Chester County is preparing for a deluge of absentee and mail-in ballots this year and getting ready for a large central count operation on Election Day involving 150 staff people.

“We’re expecting about 200,000 ballots to come back, so that’s basically three shifts of 50 people, because this will be a 24/7 operation,” says Bill Turner the acting director of Chester County Voter Services.

The count of absentee and mail-in ballots will start at 7 a.m. on Election Day, the earliest state law allows, and carry on through the night until it’s finished.

“Our goal is to have all of our mail-in ballots counted by sunrise on November 4,” Turner told the Pennsylvania House Democratic Policy Committee at a hearing last week.

For the first time ever, the count of absentee and mail-in ballots in Chester County will not take place at the Voter Services offices, but down the road in the gymnasium at West Chester University.

State law allows each political party to designate three people to observe the count and each candidate to designate two. And citizens may be able to watch it from home. Like some other counties in the state, Chester County has talked about the possibility of livestreaming the count, but no decision has yet been made.

The people counting the ballots will be a combination of Voter Services employees, county employees from other agencies and also temps, says Turner.

“We did a big recruitment to get as many as we could filled from the county employees,” he said in a phone interview, “but there were some gaps, so we have a temp agency working to recruit some staff members that can handle some of the grunt work, if you will; so, you know, flattening the ballots and unfolding them. But the actual counting and scanning and the more sensitive tasks will only be handled by county employees.”

The process, he says, will be broken down into three basic tasks: Opening ballots; smoothing and sorting ballots by precinct; and scanning ballots.

They’ll be scanned by precinct, he says, and it’s likely that the county will follow what it’s done other years and post the numbers by precinct as they go, as opposed to waiting until the next morning and posting all mail-in and absentee numbers at the same time.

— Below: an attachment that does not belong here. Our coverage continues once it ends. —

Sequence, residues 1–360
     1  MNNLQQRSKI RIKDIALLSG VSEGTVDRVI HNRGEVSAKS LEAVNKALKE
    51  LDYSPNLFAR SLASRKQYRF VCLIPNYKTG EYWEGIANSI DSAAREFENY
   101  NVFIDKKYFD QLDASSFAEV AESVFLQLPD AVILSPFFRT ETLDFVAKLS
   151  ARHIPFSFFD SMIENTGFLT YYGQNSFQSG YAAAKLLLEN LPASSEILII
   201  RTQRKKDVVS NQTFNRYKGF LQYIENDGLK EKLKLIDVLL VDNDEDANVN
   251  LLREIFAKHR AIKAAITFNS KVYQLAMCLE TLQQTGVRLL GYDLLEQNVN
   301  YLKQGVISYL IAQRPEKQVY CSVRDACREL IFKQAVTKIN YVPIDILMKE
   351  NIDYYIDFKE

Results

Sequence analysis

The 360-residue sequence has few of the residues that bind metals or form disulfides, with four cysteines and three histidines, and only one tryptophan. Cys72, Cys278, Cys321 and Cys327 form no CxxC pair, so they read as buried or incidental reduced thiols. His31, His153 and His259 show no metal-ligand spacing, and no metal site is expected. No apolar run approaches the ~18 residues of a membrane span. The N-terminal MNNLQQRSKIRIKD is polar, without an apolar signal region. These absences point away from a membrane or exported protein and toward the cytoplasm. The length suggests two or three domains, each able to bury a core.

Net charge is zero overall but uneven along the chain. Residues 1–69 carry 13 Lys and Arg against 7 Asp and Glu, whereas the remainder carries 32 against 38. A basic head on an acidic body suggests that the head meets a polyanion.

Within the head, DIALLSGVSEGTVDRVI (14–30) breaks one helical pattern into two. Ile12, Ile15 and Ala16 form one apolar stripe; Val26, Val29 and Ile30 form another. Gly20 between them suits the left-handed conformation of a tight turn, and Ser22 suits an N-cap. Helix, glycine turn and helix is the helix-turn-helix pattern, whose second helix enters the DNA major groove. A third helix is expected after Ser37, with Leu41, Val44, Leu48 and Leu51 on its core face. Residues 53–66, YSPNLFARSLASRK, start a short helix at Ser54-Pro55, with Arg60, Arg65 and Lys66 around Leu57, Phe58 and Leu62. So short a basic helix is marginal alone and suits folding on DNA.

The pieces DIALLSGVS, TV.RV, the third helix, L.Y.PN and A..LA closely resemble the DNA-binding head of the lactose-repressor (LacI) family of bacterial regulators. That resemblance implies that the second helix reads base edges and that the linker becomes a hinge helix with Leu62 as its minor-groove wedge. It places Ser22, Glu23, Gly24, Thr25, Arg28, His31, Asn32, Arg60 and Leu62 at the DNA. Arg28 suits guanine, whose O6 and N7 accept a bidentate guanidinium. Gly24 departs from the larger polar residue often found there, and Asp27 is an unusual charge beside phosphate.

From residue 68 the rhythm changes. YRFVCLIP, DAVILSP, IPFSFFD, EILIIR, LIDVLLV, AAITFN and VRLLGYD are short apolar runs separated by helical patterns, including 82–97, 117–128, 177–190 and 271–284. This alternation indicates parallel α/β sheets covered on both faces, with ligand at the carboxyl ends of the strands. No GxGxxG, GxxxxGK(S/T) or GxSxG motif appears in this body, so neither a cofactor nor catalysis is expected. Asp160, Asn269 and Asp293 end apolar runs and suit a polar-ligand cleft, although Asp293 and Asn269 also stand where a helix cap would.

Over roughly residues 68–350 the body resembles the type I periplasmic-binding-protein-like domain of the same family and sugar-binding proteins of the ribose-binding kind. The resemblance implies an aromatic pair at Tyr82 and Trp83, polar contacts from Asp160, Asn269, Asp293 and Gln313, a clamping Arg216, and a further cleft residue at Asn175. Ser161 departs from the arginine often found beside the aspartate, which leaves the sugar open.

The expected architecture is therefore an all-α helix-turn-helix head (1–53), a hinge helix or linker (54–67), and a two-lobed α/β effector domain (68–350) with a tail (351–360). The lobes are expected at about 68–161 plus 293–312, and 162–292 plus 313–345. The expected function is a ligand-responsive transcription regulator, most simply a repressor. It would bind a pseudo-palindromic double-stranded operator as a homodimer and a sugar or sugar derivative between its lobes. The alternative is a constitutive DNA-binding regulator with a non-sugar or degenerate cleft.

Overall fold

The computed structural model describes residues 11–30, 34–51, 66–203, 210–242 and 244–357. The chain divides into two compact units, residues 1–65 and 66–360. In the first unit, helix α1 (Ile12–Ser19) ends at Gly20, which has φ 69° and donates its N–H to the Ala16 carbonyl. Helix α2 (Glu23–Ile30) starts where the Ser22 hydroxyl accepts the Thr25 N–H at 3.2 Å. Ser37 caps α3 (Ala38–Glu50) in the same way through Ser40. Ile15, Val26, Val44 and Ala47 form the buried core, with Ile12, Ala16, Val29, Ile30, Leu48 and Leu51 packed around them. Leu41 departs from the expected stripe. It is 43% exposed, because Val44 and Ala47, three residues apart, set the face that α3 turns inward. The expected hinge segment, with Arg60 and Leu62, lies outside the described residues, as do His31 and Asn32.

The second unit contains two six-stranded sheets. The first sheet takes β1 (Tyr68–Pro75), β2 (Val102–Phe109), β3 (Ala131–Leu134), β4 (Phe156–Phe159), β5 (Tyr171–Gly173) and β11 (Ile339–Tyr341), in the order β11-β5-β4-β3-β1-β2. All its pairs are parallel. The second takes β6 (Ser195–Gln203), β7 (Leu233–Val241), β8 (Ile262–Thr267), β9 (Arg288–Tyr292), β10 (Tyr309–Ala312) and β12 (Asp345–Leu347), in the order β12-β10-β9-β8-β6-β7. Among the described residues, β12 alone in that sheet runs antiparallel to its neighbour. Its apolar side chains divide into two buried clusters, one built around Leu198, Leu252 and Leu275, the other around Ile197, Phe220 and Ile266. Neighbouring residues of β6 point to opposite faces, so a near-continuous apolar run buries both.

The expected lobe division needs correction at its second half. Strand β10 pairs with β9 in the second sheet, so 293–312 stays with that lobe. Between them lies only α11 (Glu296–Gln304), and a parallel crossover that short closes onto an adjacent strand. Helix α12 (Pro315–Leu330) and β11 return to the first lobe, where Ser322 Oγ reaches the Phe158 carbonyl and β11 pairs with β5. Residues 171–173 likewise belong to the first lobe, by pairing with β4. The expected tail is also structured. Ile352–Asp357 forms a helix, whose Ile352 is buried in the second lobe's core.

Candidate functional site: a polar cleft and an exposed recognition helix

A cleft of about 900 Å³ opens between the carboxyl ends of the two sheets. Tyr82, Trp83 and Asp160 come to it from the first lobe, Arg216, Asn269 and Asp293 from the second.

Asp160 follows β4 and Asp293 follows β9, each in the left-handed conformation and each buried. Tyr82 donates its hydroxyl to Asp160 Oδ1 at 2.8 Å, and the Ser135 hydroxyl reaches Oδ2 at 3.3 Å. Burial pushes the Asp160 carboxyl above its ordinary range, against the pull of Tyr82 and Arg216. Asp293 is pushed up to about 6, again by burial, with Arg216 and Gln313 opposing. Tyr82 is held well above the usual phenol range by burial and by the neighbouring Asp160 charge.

Chester County had a total of 371,686 registered voters as of October 9. Traditionally a Republican County, it went for Clinton in 2016 by a margin of more than 25,000 votes, or 9.4 percent, while Donald Trump won the state and its 20 electoral votes to win the presidency.

As of Oct. 9, there are 154,463 registered Democrats in Chester County and 152,029 registered Republicans, with another 65,000 who are registered with minor parties or have no party affiliation.

This is the first presidential election since Pennsylvania passed its no-excuse absentee voting law in October of 2019, and due to COVID-19, the Democratic Party has pushed Joe Biden supporters to use this option to vote by mail. Democrats have responded, with a heavy majority of the mail-in ballots being requested by Democrats.

Voter Services is already working to fix errors voters may have made.

Turner says that of 130,000 mail-in and absentee ballots that his office has sent out, close to 30,000 have already come back, and that of those about 30 were found by a machine to not have been signed. His office is contacting those voters to give them an opportunity to come to the office and “cure” their ballots by signing them.

Statewide, more than 2.5 million voters in Pennsylvania have requested either mail-in or absentee ballots, Deputy Secretary of State for Elections Jonathan Marks said last week, and almost 171,000 have already come back — about 7 percent of the total.

There are 13 election-related lawsuits pending in Pennsylvania, more than in any other year. Most are related to mail-in and absentee ballots, how they can be collected and under what circumstances they can or cannot be rejected.
On Saturday, a federal judge in Pennsylvania said he did not have the right to interfere in the decision by counties to provide drop boxes — even unsecured drop boxes — for collection of ballots or to say that there should be a strict requirement that signatures on ballots match the signature on file for that voter.

In Chester County, 10 drop boxes are opening at county library locations on Tuesday, Oct. 13 and each will be staffed with two people during the hours that they are open. Also, two satellite Voter Services offices were opened last week, one at Henrietta Hankin Library in Chester Springs and a second at Oxford Library in Oxford Borough.

The plan, says Turner, is for 195 polling places to be open throughout the county on Election Day.